In a strongly worded, four-page letter to city councilmen, the mayor characterized the veto as a defensive act against attempts by council to encroach on his administration's executive authority. He said a full veto of the legislation was necessary to discourage such incursions in the future.
On Tuesday, council voted 8-4 to amend the mayor's original benefits proposal by including a clause allowing Toledo's main firefighters' union to reopen negotiations on its health-care contract with the city. That provision, Mayor Bell and city Law Director Adam Loukx argued, went beyond council's legal powers as defined in Toledo's charter. The council then approved the domestic partner legislation, 9-3.
"Council's unprecedented attempt to meddle in the basic operations of the administration represents a dangerous threat to the city's existing form of government," Mr. Bell declared in the letter. "Decisions as to when, where, or if to negotiate are administrative functions that are only within the purview of the mayor."
He chastised "certain members of council," accusing them of trying to court the interests of organized labor for their own gain at the expense of the city as a whole. He took aim specifically at Councilman D. Michael Collins, who introduced the amendment, calling his actions an irresponsible attempt to usurp power.
The mayor promised to reintroduce the original ordinance for council's consideration at its next agenda-review meeting Tuesday. The ordinance would extend health, dental, vision, and life insurance to domestic partners of city employees in same-sex or unmarried heterosexual relationships.
Council needs at least nine votes to override the mayor's veto and keep the amendment intact.
Although Mayor Bell warned council Tuesday of his intent to veto the bill, his actions still took some members by surprise. In particular, some expressed shock at the tone of the mayor's accompanying statement.
"The language is over the top, excessive, unrestrained, and Carty-esque," said council President Joe McNamara, referring to the perceived notoriously abrasive style of previous Mayor Carty Finkbeiner. "I think the city of Toledo works much better when the branches of government are less caustic in their interactions. … That would mean, in this example, not being heavy-handed with the veto and not being so personal in the veto message against members of council."
A more prudent response, said Mr. McNamara and other councilmen who supported the amendment, would have been for the mayor to veto only the portion of the ordinance he found offensive.
"Considering there was only one clause that was added, all he had to do was take that out," Steven Steel said. "It begs the question as to why he would have done that. It doesn't make sense."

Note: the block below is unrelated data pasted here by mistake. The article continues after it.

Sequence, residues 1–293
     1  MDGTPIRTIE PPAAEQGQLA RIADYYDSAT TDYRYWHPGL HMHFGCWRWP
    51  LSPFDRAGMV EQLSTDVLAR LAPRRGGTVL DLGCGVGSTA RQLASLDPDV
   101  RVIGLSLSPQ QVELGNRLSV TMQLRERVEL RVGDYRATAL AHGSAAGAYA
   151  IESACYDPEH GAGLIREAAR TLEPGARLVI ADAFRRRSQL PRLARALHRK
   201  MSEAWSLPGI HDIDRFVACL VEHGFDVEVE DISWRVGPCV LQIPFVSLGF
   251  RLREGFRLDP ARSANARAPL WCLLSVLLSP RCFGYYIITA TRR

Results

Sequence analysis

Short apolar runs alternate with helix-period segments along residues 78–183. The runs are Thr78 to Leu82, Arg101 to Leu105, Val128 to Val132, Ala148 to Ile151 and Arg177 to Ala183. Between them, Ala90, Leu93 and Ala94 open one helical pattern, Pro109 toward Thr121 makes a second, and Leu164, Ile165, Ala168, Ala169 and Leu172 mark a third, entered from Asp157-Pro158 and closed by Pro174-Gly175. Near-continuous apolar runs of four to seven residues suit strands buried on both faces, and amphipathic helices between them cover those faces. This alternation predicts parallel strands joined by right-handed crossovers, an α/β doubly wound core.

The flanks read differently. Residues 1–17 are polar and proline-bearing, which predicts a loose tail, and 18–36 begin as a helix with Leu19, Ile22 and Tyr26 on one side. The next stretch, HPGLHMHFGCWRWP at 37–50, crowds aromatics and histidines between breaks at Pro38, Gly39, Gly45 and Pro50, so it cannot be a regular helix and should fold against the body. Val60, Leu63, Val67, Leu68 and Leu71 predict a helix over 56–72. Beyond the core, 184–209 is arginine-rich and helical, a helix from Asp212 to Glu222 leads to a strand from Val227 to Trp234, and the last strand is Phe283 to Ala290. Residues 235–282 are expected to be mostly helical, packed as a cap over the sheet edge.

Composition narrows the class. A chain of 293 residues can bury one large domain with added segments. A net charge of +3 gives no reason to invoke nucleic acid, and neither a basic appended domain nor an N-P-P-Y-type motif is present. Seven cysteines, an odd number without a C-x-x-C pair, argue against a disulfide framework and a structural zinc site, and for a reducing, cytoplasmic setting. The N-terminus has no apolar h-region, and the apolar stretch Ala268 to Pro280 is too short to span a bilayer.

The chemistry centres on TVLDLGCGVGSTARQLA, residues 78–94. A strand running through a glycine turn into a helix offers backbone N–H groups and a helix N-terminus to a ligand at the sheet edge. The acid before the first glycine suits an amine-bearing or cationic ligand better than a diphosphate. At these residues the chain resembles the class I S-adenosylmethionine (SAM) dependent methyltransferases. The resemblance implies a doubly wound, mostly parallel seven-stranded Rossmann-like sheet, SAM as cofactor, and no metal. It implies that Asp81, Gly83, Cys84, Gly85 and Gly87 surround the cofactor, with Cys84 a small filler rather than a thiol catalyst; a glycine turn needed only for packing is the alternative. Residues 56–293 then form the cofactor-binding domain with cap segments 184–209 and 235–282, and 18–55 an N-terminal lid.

Mayoral spokesman Jen Sorgenfrei said the veto's purpose was to avoid exactly that scenario. Council cannot be allowed to continue voting on amendments deemed illegal under city law, she said.
"It sets the precedent that anytime council passes something that doesn't pass legal muster, they can just depend on the mayor to line-item veto it," she said. "The law director expressly advised them that this would violate that provision of the charter. Eight members voted to amend it anyway with the intention of forcing his hand."
Mayor Bell, who was traveling to New York on Wednesday for a meeting about the city's bond rating, was unavailable for comment.
Mr. Collins, meanwhile, rejected the mayor's assertion that he is trying to curry union favor. His concern, the councilman maintained, is that the city's firefighters not be harmed by the legislation.
Local 92's leadership has expressed concerns that, because the union manages its own health-care fund, extending health benefits to more people could put a strain on its finances.
"My issue has nothing to do with pandering to union interests," said Mr. Collins, who in the 1990s headed the city's patrolman's union. "My position has been and has consistently been … to ask [the administration] to sit with [Local] 92 and discuss the impact [the legislation] potentially has on their health and welfare trust fund."
Other unions said they too now want to renegotiate their health-care contracts with the city.
Don Czerniak, president of service workers union AFSCME Local 7, said extending benefits to domestic partners will end up costing the city money, and he doesn't want that expense to be used against his members in contract negotiations.
"If I take these new people on, when I go to negotiations in 2014 I don't want the city telling me, 'You've got to make concessions because this legislation passed and the cost of health care went up,' " he said.
For councilmen opposed to the legislation in the first place, Mayor Bell's veto came as a blessing.
George Sarantou and Rob Ludeman, two of the three councilmen who voted against the ordinance Tuesday, said the current disagreement exemplifies their argument that the unions should have been involved in discussing the benefit extension all along. They said they would likely resurrect an overturned amendment to restrict the extra benefits to same-sex couples only.
Tom Waniewski, who also opposed the legislation, said he believes any changes in health care should be postponed until the next round of labor negotiations. He said he's concerned the extension of benefits will cost too much money.
"Why are we now throwing more expenditures into the mix?" he asked. "If it wasn't budgeted, I'm not approving anything."
David Mann, president of Equality Toledo Community Action, which drafted and lobbied for the legislation, said he is still confident the benefit extension will be approved.
"The mayor has assured us from Day One up to yesterday that he fully supports domestic partner benefits," Mr. Mann said. "The legislative process can be frustrating, but we expect this to pass and we will keep working to make sure it does."
Contact Claudia Boyd-Barrett at: email@example.com or 419-724-6272.